Robert Mueller has bluntly dismissed US President Donald Trump's claims of total exoneration in the federal probe of Russia's 2016 election interference.
The former special counsel told Congress he explicitly did not clear the president of obstructing his investigation.
The televised Capitol Hill appearance, Mr Mueller's first since wrapping up his two-year Russia probe last spring, unfolded at a moment of deep divisions in the country, with many Americans hardened in their opinions about the success of Donald Trump's presidency and whether impeachment proceedings are necessary.
Republicans and Democrats took divergent paths in questioning Mr Mueller, with Mr Trump's Republican allies trying to cast the former special counsel and his prosecutors as politically motivated.
Democrats, meanwhile, sought to emphasise the most incendiary findings of Mr Mueller's 448-page report and weaken Mr Trump's re-election prospects in ways that Mr Mueller's book-length report did not.
They hoped that even if his testimony did not inspire impeachment demands, Mr Mueller could nonetheless unambiguously spell out questionable, norm-shattering actions by the president.
Yet Mr Mueller by midday appeared unwilling or unable to offer crisp sound bites that could reshape already-entrenched public opinions.
He frequently gave terse, one-word answers to questions, even when given opportunities to crystallise allegations of obstruction of justice against the president.
He referred time again to the wording in his report or asked for questions to be repeated.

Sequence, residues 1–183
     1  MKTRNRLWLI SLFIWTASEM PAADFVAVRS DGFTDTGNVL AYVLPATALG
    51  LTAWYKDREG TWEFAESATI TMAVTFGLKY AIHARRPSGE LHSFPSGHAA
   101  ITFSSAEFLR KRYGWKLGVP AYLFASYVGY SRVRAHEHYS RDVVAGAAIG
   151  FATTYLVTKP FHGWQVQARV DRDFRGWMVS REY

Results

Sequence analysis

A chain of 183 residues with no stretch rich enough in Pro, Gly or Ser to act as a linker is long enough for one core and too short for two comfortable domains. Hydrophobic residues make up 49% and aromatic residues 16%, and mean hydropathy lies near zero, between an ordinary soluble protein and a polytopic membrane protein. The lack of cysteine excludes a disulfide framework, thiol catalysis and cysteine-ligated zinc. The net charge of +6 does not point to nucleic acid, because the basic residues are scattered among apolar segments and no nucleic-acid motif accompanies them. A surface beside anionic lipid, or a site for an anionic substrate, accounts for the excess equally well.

He declined to read aloud hard-hitting statements in the report when prodded by Democrats to do so.
But he was unflinching on the most-critical matters.
In the opening minutes of the hearing, the chairman of the House Judiciary Committee, Jerrold Nadler, a New York Democrat, asked Mr Mueller about Mr Trump's claims of vindication in the investigation.
"Did you actually totally exonerate the president?" Mr Nadler asked.
"No," Mr Mueller replied.
Though Mr Mueller described Russian government's efforts to interfere in American politics as among the most serious challenges to democracy he had encountered in his decades-long career, Republicans seized on his conclusion of insufficient evidence to establish a criminal conspiracy between the Trump campaign and Russia.
"Those are the facts of the Mueller report. Russia meddled in the 2016 election," said Doug Collins, the top Republican on the House Judiciary Committee.
"The president did not conspire with Russians. Nothing we hear today will change those facts."
Mr Mueller, pressed as to why he had not investigated a "dossier" of claims that the Republicans insist helped lead to the start of the probe, he said that was not his charge.
That was "outside my purview", he said repeatedly.
Though Mr Mueller declared at the outset that he would be limited in what he would say, the hearings nonetheless carried the extraordinary spectacle of a prosecutor discussing in public a criminal investigation he conducted into a sitting US president.
Mr Trump lashed out early Wednesday ahead of the hearing, saying on Twitter that "Democrats and others" are trying to fabricate a crime and pin it on "a very innocent President".
Mr Trump this week feigned indifference to Mr Mueller's testimony , telling reporters in the Oval Office on Monday: "I'm not going to be watching – probably – maybe I'll see a little bit of it."